Following an intervention by the United States, Aristide was restored to power in late 1994 on condition that he implement economic reforms favored by Washington. He dismantled the military the following year. The disbandment of the military did not cure Haiti of all its ills, but the dissolution was followed by two successful transitions of presidential power, in 1996 and 2000.
In 2004, however, a paramilitary force consisting of former soldiers with help from United States, France and Canada organized a second successful coup against Aristide, who had been elected to a second term in 2000 after serving out his first in 1996. Although another successful transition between presidents began in 2010, the 2004 coup showed that even after their official disbandment, former soldiers were still able to influence political outcomes in Haiti.
A Return to Form
And now, after two decades in the shadows, the military is back: Haitian President Michel Martelly has followed through on a campaign promise to reconstitute the Haitian military. The new force launched its first operations this February.
This has left many Haitians wondering why a country with no external threats, a history of violent, military-led repression against its own citizens and an abundance of more pressing problems would need—or even want—a new military. “Given the history of Haiti’s military,” warned Mark Weisbrot, its “existence alone could be considered a threat to security.”
Martelly’s personal history provides some clues about his sympathies. Before he began his political career, Michel Martelly was a provocative konpa singer who went by the name Sweet Micky. During the Duvalier era, he ran a nightclub named Garage that was frequented by military officials and other members of Haiti’s tiny elite.
Around this time Martelly befriended Lieutenant Colonel Michel Francois, the man who would later become chief of the secret police under Raoul Cedras. Martelly remained a “favorite” of the thugs who worked for the Duvalier regime and, after its collapse, would even accompany the death squads organized by Francois to murder Aristide supporters.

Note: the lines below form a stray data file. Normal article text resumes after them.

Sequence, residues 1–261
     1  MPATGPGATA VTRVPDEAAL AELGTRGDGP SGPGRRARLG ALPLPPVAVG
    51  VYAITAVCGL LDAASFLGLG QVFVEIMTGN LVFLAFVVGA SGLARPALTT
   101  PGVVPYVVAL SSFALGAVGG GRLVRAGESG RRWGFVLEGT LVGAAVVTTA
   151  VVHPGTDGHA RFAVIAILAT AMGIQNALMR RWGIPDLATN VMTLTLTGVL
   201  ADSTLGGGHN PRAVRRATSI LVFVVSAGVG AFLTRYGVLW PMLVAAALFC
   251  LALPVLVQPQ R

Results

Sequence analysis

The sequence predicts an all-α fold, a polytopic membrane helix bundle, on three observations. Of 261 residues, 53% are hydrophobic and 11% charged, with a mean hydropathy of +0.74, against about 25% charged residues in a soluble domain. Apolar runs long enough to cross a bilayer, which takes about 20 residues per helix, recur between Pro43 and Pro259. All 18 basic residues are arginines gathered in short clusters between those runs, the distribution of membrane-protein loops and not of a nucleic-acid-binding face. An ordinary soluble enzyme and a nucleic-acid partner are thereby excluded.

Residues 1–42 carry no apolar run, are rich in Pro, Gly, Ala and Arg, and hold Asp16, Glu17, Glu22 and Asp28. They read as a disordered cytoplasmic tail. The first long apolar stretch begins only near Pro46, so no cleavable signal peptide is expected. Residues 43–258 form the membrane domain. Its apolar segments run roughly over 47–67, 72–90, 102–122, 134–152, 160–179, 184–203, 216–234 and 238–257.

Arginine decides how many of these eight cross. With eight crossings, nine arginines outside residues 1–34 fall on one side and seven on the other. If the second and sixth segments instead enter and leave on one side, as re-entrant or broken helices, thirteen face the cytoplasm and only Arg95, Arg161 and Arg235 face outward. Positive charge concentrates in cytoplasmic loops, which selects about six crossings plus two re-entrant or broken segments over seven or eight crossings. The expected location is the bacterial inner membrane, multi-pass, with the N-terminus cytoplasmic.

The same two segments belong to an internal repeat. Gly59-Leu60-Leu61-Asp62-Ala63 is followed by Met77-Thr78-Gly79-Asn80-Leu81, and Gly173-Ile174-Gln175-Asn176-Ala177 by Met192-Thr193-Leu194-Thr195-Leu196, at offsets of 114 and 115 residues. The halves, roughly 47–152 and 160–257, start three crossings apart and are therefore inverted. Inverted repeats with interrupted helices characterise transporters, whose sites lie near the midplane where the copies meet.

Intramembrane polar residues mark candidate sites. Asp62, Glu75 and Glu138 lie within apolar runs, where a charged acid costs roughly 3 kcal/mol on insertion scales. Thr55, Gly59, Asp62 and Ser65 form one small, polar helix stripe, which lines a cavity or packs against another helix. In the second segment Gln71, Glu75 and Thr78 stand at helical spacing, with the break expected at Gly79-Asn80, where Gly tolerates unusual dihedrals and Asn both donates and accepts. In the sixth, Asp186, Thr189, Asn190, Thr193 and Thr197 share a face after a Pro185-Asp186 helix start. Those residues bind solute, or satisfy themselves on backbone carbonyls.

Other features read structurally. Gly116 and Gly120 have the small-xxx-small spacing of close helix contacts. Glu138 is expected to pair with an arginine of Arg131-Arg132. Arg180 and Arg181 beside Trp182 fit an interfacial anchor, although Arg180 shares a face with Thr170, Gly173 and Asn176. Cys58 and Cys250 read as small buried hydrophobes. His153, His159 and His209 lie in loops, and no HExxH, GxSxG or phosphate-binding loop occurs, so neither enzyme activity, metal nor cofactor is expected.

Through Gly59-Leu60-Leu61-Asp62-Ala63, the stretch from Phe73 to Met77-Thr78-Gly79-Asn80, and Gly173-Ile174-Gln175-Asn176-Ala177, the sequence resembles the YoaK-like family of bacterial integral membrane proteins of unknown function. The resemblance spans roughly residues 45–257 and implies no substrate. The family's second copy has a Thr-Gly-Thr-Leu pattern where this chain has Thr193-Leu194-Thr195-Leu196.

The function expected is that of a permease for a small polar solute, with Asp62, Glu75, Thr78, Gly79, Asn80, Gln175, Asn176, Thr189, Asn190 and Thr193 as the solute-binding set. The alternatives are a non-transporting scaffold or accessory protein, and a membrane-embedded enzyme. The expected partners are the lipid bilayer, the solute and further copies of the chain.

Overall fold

While death squads hunted dissidents by night, Martelly taunted them by day. Lavalas, the massive pro-democracy movement launched by Aristide after Baby Doc was ousted, quickly became the target of Martelly’s biting lyrics. Throughout Aristide’s presidency, Martelly remained an outspoken critic of the president and his supporters, eventually emerging as a politician in his own right.
After a hotly contested and controversial election in 2011, Martelly was elected president of Haiti. Later that year, an anonymous Haitian official leaked a document to the Associated Press outlining a plan for the revival of the Haitian military.
Solving the Wrong Problems
The document cited several reasons why Haiti supposedly needs to spend $95 million building up a new military force: to provide opportunities for young people, to rebuild Haiti’s infrastructure, to patrol its border with the Dominican Republic and—perhaps most ominous—to “keep order” during times of chaos.
Although Haiti is well within its rights to establish an army, the purpose of a military is not to provide internal security, but to combat external threats. A Haitian official claims that it’s embarrassing to have the United Nations providing security in Haiti. But although its mission has been marred by scandal, the UN is training a national police force to provide security and keep order once the peacekeepers finally leave. It’s unclear why a military would be preferable in this regard to a civilian security force.
And it’s similarly unclear why Martelly thinks he needs a military to create jobs or invest in infrastructure. Haiti is in desperate need of construction workers—the country's infrastructure was already in a precarious position even before the 2010 earthquake leveled buildings and destroyed homes. If Martelly truly wanted to provide opportunities for young people, he could initiate a program that would train men and women in construction and create jobs for the multitudes of unemployed Haitians. Instead, the new military will supposedly be rebuilding the country while millions of Haitians continue to languish in poverty.
In a country with a sparse amount of cash and a government unable to provide even the most basic necessities to its own population, it seems fiscally irresponsible and morally bankrupt to spend $95 million on rebuilding an army that has such an atrocious record of human rights abuses. The cholera outbreak, food insecurity and the 500,000 squatters lacking permanent homes are just a few of the litany of problems facing Haiti today. The lack of a military force is not high on that list of priorities.
Although Haiti’s elite and powerful seem to support the new military, a poll conducted over five years found that fully 96 percent of Haitians oppose its recreation. Defying this widespread opposition and the pressing need for other development projects, Michel Martelly’s plan has finally come to fruition.
Despite assurances from officials that this military force will not have the means to imitate its predecessors, the horrors of the recent past still linger in the minds of many. Haiti is now in danger of reverting back to the days when standing on the wrong side of the ideological fence meant certain death.
Read Next: Michelle Chen argues that Haiti's women need more than a trickle of aid money.